Gottlieb was recognized for this honor in a virtual ceremony, and recorded a video describing her motivation and perspective on being a nurse practitioner during a time with a critical need for nursing. UIW is proud that Dr. Gottlieb is an alumna of the Universities DNP program.
Watch Dr. Ronda Gottlieb's virtual ceremony feature below.
The UIW 3rd Annual Day of Giving, One Word, One Goal, makes a big impact! Last year, 418 donors raised nearly $44,000 to support student scholarships and programs. At least one person from every class year from 1947 - 2019 made a gift. Residents of 25 states across the United States made a donation to one of 33 UIW programs, and our furthest gift came from 4,835 miles away, all the way from London! Will you join us this year to make an even bigger impact?
Our 3rd Annual Day of Giving kicks off on Thursday, Feb. 25, but there are two ways you can get involved early this year:
Auction and Golf Tournament
The Swing-In Auction and Golf Tournament is an annual event of the University of the Incarnate Word Development Board that raises funds for student scholarships. Your support each year allows us to continue building on our success, providing necessary funds to students seeking to continue their higher education.
The 44th Annual Swing-In Auction will take place on Thursday, May 13, followed by the Swing-In Golf Tournament on Friday, May 14, at The Quarry Golf Course. All proceeds raised from the auction will directly benefit the University’s scholarship fund.
For more information on sponsorships and how you can participate in this year's Swing-In please contact Ana Bribiesca Hoff at (210) 829-6075 or firstname.lastname@example.org.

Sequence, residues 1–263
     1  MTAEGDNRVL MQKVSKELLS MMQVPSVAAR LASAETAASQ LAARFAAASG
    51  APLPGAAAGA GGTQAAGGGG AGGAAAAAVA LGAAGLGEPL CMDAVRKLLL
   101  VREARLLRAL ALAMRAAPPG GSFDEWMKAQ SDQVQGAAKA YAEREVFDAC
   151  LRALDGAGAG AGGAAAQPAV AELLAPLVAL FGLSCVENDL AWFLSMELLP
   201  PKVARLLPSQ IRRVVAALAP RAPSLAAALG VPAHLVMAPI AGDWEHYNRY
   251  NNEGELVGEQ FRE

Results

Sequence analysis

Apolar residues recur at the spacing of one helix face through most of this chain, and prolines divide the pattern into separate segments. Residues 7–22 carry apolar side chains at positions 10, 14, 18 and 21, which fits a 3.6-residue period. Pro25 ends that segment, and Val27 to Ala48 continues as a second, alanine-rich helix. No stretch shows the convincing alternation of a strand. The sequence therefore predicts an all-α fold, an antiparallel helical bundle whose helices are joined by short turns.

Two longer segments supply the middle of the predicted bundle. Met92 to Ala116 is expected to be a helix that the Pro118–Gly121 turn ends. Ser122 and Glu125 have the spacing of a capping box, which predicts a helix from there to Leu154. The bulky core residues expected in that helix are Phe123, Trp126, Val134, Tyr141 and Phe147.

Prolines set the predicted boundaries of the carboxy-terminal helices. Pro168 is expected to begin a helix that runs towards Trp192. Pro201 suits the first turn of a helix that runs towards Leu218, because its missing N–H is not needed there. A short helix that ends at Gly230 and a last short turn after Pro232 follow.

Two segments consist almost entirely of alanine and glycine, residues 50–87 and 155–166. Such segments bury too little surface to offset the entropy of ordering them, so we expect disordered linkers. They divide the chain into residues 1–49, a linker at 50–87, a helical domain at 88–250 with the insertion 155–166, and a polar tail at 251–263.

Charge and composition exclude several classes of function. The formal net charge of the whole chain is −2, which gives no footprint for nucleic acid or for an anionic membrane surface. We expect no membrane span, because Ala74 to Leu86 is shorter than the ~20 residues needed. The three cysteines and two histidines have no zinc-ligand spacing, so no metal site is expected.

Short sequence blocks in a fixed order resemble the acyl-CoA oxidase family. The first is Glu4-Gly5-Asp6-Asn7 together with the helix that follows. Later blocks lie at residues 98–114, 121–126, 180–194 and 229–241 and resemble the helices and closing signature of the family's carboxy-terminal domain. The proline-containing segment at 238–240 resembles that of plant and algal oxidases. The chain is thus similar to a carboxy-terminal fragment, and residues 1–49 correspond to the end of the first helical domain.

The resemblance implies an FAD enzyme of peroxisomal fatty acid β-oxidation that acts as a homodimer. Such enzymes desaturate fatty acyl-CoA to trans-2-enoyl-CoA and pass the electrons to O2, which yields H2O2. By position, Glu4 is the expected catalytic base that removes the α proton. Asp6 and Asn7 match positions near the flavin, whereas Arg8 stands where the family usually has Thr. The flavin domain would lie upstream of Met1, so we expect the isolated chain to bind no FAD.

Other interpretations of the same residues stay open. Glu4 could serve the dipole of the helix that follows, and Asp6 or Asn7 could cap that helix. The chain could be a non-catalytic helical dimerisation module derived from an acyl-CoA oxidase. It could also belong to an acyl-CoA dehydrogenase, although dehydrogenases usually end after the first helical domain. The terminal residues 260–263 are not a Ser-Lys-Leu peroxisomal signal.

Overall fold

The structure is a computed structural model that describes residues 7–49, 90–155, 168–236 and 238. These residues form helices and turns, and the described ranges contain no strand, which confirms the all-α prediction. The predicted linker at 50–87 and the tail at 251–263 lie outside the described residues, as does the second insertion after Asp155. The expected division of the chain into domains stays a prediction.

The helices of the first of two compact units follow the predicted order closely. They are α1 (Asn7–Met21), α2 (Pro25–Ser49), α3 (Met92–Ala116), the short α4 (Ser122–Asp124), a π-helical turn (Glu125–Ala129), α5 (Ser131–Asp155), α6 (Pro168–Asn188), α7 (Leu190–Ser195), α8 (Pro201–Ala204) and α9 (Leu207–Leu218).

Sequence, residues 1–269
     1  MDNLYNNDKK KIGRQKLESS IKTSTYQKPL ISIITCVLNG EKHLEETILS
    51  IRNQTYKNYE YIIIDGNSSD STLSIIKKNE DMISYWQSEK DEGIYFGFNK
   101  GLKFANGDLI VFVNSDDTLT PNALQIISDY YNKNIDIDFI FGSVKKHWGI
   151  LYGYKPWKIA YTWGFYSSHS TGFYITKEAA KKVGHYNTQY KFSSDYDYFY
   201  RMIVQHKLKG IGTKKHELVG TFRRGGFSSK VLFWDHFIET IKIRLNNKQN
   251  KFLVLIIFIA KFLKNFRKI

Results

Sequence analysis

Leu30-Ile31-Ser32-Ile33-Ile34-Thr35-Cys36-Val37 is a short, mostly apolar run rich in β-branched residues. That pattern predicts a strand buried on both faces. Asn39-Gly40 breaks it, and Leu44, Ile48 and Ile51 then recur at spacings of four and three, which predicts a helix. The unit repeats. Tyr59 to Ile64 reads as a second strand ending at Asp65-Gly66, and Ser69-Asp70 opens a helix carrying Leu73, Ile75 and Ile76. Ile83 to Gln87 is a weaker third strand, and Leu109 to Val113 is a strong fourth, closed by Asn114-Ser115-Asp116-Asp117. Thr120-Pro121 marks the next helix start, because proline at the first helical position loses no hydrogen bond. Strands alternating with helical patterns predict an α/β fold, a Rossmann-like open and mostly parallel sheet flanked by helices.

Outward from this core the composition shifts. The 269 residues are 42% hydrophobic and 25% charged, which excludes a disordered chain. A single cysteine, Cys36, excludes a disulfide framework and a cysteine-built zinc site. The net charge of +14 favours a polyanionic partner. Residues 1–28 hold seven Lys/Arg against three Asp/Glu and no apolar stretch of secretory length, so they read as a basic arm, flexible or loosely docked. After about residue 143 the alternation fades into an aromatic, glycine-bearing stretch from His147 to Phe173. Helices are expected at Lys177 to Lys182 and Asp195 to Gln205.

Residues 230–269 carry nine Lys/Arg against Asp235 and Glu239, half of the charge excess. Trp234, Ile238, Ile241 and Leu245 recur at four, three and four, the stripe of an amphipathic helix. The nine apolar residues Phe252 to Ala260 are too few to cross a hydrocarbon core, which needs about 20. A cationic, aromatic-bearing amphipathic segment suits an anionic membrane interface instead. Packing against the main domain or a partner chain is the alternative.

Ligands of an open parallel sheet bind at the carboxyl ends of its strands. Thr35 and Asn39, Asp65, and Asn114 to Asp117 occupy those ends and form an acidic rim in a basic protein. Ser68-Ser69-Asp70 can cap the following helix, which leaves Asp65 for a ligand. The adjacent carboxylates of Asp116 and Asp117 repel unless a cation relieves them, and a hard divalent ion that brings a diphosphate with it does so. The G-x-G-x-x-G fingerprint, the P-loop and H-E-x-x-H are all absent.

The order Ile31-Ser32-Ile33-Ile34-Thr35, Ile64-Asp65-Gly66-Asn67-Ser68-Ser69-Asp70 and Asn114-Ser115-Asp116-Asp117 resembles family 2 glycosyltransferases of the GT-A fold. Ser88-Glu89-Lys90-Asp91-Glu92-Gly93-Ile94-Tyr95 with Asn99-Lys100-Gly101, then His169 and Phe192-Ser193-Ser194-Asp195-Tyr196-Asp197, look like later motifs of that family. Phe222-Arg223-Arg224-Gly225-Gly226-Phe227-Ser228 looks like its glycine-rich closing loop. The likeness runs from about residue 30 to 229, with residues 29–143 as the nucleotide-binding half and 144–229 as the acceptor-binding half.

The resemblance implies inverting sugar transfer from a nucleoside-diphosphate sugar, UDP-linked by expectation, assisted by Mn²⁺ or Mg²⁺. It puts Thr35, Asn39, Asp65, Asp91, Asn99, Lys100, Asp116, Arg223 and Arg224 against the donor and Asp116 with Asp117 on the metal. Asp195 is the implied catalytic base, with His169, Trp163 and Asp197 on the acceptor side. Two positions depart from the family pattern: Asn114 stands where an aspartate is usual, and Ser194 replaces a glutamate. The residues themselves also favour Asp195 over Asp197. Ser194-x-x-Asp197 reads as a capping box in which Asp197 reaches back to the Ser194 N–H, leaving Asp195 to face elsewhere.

There are two ways you can get involved and help before the event!
- Donate items: The Office of Development is seeking donations for the Swing-In Auction Party. If you would like to support the auction by donating items, gift cards, experiences or wine bottles, please contact Ana Bribiesca Hoff at (210) 829-6075 or email@example.com.
- Volunteer: We can't do it without your support! Register as a Swing-In Golf Tournament volunteer.
Swing-In raffle tickets are now available to purchase. As always, only 300 tickets will be sold!
With the purchase of a Swing-In raffle ticket for $100, you earn a chance to win a once-in-a-lifetime experience and support UIW students' pursuit of higher education at a faith-based institution. All proceeds will directly benefit the UIW Scholarship Fund.
The raffle winner will choose one of the following prizes:
- Fairmont Chateau Whistler
- Charleston Luxury Getaway
- Tuscany Culinary Escape
- $5,000 Merchandise Credit Balance on Credit Card
Pictured above, UIW students work in the UIW community garden.